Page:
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Crime rate down at third quarter pole, but arson, robberies tick upward

Posted November 8, 2018

Nottawasaga OPP responded to 844 reports of violent, property, and drug cimes through the first nine months of 2018, down from 917 or approximately eight per cent over the same period last year.

There were 571 property crimes through to Sept. 30, a decrease of 8.8 per cent. But that's skewed by the number of suspected arsons which jumped to 16, an increase from two the year before.

OPP Staff Sgt. Brian Humber told Free Press Online the increase in arson reports are related to "a serial garbage can arsonist working in the south end (Tottenham) of our area."

"We were working on persons of interest when all of a sudden they stopped. There were no injuries and property damage was isolated to garbage cans," said Staff Sgt Humber via email. "No one is in custody."

The other uptick was in theft under $5,000 which climbed to 220 from 204 the year before, a 7.8 per cent increase.

Violent crimes reported dropped to 212, a 2.3 per cent decrease. Bucking the trend were the number of robberies, which increased from four the year before to 10.

"Five were retail businesses spread out throughout our areas. Two have had arrests made and three are still on-going investigations. No injuries reported in those," said Staff Sgt. Humber. "The other 5 were "street" type confrontations. One of which the victim was cooperative and charges were laid. The others are still on-going investigations. Again, these were spread out throughout the detachment areas."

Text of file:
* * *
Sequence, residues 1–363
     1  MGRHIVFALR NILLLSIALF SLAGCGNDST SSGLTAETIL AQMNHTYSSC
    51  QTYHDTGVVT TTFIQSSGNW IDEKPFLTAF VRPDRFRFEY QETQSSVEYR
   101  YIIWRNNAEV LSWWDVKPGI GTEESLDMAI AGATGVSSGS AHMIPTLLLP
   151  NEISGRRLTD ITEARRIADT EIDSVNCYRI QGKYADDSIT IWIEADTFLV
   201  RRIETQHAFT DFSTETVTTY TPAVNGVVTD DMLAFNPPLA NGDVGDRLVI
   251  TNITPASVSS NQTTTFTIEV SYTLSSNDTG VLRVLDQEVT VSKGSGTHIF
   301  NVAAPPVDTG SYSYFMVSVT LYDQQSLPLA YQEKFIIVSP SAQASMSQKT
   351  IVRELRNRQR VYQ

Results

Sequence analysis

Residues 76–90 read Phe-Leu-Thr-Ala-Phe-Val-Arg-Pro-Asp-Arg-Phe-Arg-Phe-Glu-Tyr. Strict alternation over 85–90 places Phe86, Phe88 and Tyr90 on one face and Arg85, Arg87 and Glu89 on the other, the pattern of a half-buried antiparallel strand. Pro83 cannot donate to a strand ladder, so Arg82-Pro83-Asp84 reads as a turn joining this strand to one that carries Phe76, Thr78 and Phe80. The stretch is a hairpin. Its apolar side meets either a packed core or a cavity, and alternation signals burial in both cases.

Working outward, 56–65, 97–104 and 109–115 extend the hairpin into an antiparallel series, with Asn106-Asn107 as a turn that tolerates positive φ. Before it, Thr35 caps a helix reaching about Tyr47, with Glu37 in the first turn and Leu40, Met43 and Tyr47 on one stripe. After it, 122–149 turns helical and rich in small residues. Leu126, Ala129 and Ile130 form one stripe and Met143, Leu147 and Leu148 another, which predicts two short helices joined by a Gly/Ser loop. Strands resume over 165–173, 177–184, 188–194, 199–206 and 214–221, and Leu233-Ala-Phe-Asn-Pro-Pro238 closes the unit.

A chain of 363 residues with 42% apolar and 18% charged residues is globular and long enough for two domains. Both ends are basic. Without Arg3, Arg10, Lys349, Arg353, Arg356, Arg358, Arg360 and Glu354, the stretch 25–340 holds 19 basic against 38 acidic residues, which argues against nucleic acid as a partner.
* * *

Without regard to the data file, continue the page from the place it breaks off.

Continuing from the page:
The number of drug crimes dropped to 61, down from 74 or 17.6 per cent.

On the roads, there were 728 motor vehicle collisions, down from 805 or 9.6 per cent. Of those, five were fatal, an increase from three the year before.

As to the "big four" traffic enforcement areas, impaired driving charges went from 103 to 86, a drop of 16.5 per cent while. There were 154 distracted driving charges an incrase of 97 per cent, while 3,837 speeding charges were issued, a 27 per cent increase. Seat belt infractions climbed to 95, a 14.5 per cent hike.

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All stories, unless otherwise noted,
by Tony Veltri

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